A selection of healthy foods including blueberries, broccoli and avocado

Health risks associated with the novel coronavirus (COVID-19) are prompting many people to focus more on strengthening their immune systems.

Your immune system is a complex network of cells, tissues and organs that work together to protect your body from infections and diseases. There are vaccines that build immunity against specific diseases. COVID-19 vaccines, our best defense against the virus, lower our risk of getting and spreading the virus and help prevent serious illness and death. Some medications and home remedies can help treat mild-to-moderate cases of COVID.

But beyond medical treatments and precautions for preventing the virus, there are ways we can lower stress and go about creating a healthy lifestyle for optimal immune function.

Immune-Strengthening Strategies

Healthy living strategies for your immune system include:

Immunity Support Supplements

Chris D'Adamo, PhD, director of the Center for Integrative Medicine at the University of Maryland School of Medicine, helped create a prevention strategies guide with the Institute for Functional Medicine. The guide is in alignment with Centers for Disease Control and Prevention (CDC) recommendations.

In addition to the above-listed lifestyle and behavior practices, Dr. D'Adamo recommends using the following supplements in moderation to help keep your immune system functioning at its best:

  • Vitamin C may help prevent viral, bacterial and other infections by shortening the duration of colds and acting as a natural antihistamine and anti-inflammatory.
  • Vitamin D, one of the most important immune system-strengthening nutrients, can reduce the risk of colds and flu. It should be taken on a regular basis. Here is how to tell if you are deficient in vitamin D.
  • Vitamin A, when used on a short-term basis, can help support the body's ability to fight infections, especially with respiratory infections.
  • Zinc can help reduce the number of infections and the duration of the common cold when taken within 24 hours of onset.
  • Selenium is a key nutrient for immune function and is easily obtained from foods like the Brazil nut. Selenium is also an antioxidant, which strengthens the body's defenses against bacteria, viruses and cancer cells.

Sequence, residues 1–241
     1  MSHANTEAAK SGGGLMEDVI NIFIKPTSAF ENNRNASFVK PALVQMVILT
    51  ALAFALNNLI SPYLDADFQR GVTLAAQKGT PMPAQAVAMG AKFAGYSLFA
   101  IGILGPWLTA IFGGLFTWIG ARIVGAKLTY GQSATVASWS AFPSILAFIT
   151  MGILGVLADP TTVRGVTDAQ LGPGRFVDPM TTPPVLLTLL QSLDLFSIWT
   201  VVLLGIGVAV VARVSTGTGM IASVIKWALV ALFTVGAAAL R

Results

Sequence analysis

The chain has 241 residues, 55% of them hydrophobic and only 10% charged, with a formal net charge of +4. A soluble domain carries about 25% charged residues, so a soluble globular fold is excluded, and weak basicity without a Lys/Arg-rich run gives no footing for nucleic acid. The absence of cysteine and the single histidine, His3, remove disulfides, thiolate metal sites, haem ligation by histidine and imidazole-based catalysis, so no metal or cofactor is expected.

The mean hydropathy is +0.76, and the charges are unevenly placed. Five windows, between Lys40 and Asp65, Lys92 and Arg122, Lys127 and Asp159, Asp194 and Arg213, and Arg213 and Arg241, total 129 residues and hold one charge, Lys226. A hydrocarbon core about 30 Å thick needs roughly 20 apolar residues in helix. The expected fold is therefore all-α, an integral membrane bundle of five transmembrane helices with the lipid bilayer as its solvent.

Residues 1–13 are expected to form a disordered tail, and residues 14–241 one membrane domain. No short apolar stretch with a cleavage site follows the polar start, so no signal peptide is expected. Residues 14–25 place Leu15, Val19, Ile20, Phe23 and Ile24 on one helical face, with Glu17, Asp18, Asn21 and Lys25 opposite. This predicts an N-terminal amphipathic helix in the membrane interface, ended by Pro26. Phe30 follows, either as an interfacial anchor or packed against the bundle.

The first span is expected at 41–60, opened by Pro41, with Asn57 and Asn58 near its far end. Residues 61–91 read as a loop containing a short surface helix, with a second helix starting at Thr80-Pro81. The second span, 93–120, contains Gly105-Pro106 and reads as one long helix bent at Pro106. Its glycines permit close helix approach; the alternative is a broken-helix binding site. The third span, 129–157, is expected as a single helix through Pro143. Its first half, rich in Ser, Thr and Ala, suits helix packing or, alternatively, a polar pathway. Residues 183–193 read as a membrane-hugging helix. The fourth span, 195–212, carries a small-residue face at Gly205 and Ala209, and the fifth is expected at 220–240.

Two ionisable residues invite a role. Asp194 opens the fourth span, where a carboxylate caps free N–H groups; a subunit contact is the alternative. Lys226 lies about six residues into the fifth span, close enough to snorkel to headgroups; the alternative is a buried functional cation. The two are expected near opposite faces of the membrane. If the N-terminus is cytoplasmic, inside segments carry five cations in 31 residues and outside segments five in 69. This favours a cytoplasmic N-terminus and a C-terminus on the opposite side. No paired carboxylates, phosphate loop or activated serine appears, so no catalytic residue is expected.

• Raw honey is good at relieving minor pain and inflammation of mucous membranes, like those in the nose and mouth, and has antioxidant properties and some microbial effects. In addition, it is helpful for coughs and sore throats and can be added to tea or hot water with lemon. (Children under 1 should not be given honey.)
  • Garlic, aged extract garlic and other garlic supplements may reduce the severity of upper viral respiratory infections and function in preventing viral infections of the common cold.
  • Probiotics contain "good bacteria" that both support gut health and influence the function and regulation of the immune system. They also can decrease the number of respiratory infections, especially in children.

The following may also help strengthen your immunity:

  • Beta-glucansNumerous human trials have shown that beta-glucans stimulate activity against viral attack. These findings include a decrease in cold and flu symptoms and upper respiratory tract infections compared to placebo.
  • Mushrooms – A variety of mushroom species have been shown to help with immune function in a myriad of ways. Some medicinal mushrooms include Shiitake, Lion's Mane, Maitake and Reishi.
  • Berberine – Found in the roots, rhizomes and stem bark of various plants, this natural compound has been shown to have antiviral and anti-inflammatory properties. It can be found in goldenseal, goldthread and Oregon grape species.
  • Sulforaphane – Sulforaphane has potent anti-inflammatory and anti-viral properties. It can be produced in the body in small amounts by eating some cruciferous vegetables or in more therapeutic amounts by consuming dietary supplements containing glucoraphanin and myrosinase enzyme.
  • ElderberryStudies have shown that elderberry has properties that appear to help fight viruses. If possible, choose a low-sugar capsule or tablet as opposed to sugary syrup.

It is very important to understand that these are suggestions. If you want to try either of these options, be sure to communicate with your healthcare provider and take them in moderation or as your doctor advises.

If you feel sick, please do not hesitate to contact your provider. Many providers offer telemedicine options and can advise how you can treat your symptoms yourself or if you need more advanced care.